Report: Heartburn Drugs Linked to Kidney Damage
Chronic heartburn sufferers know how severe and uncomfortable the condition can be, with symptoms that can make eating, sleeping, and other daily routines significantly more challenging. Heartburn drugs, also known as proton pump inhibitors (PPIs), are often used to provide relief by reducing gastric acid. But a new study has found that the treatment may be worse than the illness in the long run, as popular heartburn drugs have been linked to kidney damage.
The study, published in the journal Kidney International, found a link between taking popular heartburn drugs such as Prilosec, Nexium, and others over a prolonged period of time with serious kidney problems, including kidney failure. Researchers studied 125,596 PPI users over the course of five years. They found that PPI users were at a higher risk for chronic kidney diseases and acute kidney injuries than use of H2 blockers like Zantac or Pepcid.
Even more troubling, the study found that more than half of the patients who develop chronic kidney damage while taking PPIs do not develop noticeable warning signs, meaning patients with declining kidney function may be unaware of their condition.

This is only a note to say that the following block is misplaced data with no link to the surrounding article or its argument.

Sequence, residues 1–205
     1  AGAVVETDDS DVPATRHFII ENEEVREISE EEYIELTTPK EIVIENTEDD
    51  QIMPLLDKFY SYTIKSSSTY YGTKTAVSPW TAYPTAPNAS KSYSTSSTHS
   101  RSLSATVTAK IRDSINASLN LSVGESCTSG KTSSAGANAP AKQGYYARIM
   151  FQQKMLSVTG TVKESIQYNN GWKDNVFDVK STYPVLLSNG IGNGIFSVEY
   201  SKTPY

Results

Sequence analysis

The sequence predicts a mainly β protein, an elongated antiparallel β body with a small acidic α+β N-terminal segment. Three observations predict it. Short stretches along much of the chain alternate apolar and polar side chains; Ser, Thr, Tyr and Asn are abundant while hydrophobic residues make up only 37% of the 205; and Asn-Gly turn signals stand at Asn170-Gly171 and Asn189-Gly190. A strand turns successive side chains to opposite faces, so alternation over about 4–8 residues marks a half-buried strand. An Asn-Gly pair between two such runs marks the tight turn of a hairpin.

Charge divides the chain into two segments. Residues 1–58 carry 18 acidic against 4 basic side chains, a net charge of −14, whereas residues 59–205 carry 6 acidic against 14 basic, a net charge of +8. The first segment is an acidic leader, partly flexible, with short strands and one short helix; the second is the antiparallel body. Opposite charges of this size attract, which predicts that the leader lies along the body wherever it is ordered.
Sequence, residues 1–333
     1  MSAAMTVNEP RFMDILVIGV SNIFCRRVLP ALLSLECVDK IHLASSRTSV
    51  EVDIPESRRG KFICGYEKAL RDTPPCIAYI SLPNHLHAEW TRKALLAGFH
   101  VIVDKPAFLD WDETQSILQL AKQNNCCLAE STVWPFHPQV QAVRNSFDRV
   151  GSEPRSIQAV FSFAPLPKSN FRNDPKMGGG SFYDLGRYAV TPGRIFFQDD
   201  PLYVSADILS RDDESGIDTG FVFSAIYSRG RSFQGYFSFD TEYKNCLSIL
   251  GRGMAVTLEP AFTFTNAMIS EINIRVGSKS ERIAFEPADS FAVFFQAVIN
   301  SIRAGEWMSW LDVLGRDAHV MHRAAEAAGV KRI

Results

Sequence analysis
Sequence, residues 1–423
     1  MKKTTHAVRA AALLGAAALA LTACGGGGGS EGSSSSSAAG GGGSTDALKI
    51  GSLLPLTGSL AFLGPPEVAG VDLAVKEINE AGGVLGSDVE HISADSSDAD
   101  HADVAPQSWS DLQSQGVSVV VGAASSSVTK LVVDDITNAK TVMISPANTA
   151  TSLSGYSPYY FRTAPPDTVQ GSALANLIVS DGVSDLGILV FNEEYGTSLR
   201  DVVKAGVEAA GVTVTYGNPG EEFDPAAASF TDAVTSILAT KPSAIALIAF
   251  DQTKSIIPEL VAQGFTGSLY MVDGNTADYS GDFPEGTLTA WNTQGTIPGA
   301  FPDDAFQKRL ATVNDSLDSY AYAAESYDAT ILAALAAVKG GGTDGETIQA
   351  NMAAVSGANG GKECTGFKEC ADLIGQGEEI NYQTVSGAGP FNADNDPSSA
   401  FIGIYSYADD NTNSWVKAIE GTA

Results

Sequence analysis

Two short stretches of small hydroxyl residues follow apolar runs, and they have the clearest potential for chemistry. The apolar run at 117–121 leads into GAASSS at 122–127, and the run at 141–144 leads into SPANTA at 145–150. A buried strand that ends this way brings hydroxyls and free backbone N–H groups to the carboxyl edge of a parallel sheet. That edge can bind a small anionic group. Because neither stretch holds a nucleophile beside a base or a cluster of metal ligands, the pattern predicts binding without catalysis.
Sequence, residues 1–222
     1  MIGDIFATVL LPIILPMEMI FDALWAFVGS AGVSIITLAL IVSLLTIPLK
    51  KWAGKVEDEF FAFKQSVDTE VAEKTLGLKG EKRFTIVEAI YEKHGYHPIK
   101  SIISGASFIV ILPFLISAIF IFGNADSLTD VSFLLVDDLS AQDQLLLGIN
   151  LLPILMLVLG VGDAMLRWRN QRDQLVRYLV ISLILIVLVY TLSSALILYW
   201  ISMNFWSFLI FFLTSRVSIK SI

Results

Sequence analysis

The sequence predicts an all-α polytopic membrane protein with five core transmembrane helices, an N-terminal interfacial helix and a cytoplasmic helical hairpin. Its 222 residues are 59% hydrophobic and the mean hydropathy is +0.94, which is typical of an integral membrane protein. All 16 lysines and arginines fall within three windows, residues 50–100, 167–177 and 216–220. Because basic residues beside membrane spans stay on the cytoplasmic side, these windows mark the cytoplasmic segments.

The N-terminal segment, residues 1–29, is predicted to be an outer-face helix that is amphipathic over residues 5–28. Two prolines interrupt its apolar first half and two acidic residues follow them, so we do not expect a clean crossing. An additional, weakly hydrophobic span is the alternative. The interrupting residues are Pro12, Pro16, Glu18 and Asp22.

“It’s a silent disease, in the sense that it erodes kidney function very minimally and very gradually over time,” said Ziyad Al-Aly, the senior author of the study and assistant professor of medicine at Washington University School of Medicine.
Al-Aly stressed that while kidney problems remain rare in those taking PPIs (a 20 percent increase in developing chronic kidney disease on average) even a small potential risk increase can be considered serious with a drug taken by millions of people. According to an NPR report in 2016, an estimated 15 million Americans use PPIs to treat heartburn, while millions more use over-the-counter versions without being under a doctor’s care.
Disclaimer: This article has been prepared for general information purposes and does not constitute medical or legal advice, nor does it imply an attorney-client relationship or contract with Wexler Wallace.